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Wednesday Week 23 Year I

Print Version September 10th, 2003

I may be imagining it but I sense a touch of frustration from the writer to the Colossians. How are we to be transformed? How are we to become holy? How are we to be made over in the image of Christ?
The metaphor Paul is using is a stark one: our old life is over—it has died—and now we are alive in Christ. He draws an absolute line between how we were and how we are. The dark line of death. Once we were people of darkness and slavery and now we are alive to light and freedom. Our old life is dead. Simple. Clear-cut.
But of course it’s not. And that’s why he is writing to Colossae anyway. Because, whatever that little death has been for us—a ritual drowning in baptism or the kind of conversion that knocks you off your horse—it clearly hasn’t taken. We are as sinful as ever, as much prone to the influence of the lords of air and darkness as ever we were.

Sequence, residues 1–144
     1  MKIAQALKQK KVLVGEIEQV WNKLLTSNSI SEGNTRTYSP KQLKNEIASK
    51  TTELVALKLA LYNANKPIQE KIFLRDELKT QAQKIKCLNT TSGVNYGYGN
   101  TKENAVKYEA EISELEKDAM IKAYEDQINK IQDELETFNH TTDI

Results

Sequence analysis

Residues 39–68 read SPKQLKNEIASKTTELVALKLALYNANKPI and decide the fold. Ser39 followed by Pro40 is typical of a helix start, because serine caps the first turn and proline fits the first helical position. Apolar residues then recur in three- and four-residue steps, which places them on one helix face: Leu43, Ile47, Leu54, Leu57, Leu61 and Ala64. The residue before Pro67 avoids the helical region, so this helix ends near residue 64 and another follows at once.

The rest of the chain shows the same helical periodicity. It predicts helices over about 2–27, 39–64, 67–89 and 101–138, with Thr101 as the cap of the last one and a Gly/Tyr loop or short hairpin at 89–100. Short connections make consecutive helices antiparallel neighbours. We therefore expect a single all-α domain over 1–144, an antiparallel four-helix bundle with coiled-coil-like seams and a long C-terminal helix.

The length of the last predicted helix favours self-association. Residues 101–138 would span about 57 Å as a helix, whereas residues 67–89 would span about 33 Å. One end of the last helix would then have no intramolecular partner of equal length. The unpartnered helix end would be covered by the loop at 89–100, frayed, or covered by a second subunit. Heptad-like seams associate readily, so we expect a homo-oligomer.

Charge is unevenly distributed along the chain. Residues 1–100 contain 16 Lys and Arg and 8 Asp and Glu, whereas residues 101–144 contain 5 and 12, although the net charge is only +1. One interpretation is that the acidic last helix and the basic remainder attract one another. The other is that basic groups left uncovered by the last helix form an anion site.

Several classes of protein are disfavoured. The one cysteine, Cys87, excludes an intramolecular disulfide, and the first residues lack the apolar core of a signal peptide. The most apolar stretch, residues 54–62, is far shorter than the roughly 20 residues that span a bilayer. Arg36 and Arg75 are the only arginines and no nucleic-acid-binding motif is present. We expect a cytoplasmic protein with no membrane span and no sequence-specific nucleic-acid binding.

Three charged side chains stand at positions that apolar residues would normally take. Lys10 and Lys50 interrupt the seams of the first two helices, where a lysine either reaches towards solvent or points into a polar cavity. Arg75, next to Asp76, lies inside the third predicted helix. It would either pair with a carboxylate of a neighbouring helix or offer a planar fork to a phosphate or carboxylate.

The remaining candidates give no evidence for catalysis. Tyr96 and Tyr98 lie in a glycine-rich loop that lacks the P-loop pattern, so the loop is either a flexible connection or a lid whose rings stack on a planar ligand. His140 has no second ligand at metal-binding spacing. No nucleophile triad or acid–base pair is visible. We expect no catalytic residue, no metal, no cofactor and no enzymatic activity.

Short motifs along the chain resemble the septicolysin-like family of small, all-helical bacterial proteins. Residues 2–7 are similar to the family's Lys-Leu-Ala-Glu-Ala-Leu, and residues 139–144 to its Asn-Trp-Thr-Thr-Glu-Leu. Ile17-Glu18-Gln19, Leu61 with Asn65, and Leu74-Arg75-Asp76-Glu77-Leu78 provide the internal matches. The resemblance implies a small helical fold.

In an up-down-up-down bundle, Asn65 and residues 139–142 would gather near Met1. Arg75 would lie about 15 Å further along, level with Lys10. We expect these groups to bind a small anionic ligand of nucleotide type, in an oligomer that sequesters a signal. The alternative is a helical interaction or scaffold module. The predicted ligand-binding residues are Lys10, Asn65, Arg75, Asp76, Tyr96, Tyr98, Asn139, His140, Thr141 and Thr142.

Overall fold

That’s why he’s hammering away about the need to kill everything in us that belongs to our old earthly life. It isn’t dead. It lives in us and strangles the life of the kingdom. As Paul says in Romans—the good we intend to do we do not do—we do not do what we want to do but the very thing we hate.
So what are we to do? How are we to conquer the sin in us? The usual strategy is to strive: to pour all our energy into eradication. To work like hell to kill it all off. Or to feel lousy because we never can. Because we never can. We never have.
No wonder the writer seems frustrated. He can shout till he’s blue in the face, ‘stop that, you’re dead to that’ but it isn’t doing any good.
I think the problem is that he isn’t taking is own metaphor about death seriously enough. The one thing we don’t have to strive for in this life is death. Death needn’t be pursued it comes to us tamely, seeks us out. Death is the big giving-in.
How are we to be transformed? How are we to become holy? Not by succeeding but by failing. Not by striving but by giving in. Not by force but by fragility. Not by grimness but by grace.

Believe me?
‘How happy are you who are poor: yours is the kingdom of God. Happy you who are hungry now: you shall be satisfied. Happy you who weep now: you shall laugh.’

Entry Filed under: Homilies,Loyola Hall


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